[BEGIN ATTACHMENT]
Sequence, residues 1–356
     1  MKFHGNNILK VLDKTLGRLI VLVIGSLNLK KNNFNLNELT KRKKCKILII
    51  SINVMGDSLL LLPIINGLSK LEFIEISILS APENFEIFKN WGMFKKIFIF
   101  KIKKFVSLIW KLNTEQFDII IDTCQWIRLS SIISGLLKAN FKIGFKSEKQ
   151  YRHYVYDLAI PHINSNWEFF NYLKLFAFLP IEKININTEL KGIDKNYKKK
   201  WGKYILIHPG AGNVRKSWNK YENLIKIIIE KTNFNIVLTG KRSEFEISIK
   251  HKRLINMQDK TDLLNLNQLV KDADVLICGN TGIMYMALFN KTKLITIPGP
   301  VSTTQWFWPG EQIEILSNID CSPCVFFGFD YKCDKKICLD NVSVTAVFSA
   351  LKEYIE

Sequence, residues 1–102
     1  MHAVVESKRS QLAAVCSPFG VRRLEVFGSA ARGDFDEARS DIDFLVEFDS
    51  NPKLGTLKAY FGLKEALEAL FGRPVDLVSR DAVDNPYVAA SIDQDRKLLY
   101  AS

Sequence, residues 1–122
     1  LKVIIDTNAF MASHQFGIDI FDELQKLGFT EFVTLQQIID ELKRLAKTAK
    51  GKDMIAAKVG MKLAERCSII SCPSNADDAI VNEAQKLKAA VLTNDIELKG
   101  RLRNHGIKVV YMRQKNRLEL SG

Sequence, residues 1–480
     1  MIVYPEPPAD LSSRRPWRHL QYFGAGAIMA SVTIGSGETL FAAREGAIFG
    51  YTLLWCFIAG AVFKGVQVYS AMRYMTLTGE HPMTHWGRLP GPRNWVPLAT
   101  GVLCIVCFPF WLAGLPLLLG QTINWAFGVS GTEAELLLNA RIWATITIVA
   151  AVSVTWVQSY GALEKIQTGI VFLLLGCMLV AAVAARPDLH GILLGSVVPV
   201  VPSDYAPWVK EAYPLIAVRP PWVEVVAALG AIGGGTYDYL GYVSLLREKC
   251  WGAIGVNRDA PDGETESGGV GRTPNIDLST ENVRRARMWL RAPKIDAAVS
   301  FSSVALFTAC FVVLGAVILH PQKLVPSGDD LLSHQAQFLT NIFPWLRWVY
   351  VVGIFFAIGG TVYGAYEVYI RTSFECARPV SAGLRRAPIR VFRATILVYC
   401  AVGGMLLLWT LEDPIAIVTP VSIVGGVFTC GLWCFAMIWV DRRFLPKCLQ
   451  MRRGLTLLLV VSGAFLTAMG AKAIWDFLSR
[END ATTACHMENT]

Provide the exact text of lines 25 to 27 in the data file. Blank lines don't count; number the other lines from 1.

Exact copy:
   301  FSSVALFTAC FVVLGAVILH PQKLVPSGDD LLSHQAQFLT NIFPWLRWVY
   351  VVGIFFAIGG TVYGAYEVYI RTSFECARPV SAGLRRAPIR VFRATILVYC
   401  AVGGMLLLWT LEDPIAIVTP VSIVGGVFTC GLWCFAMIWV DRRFLPKCLQ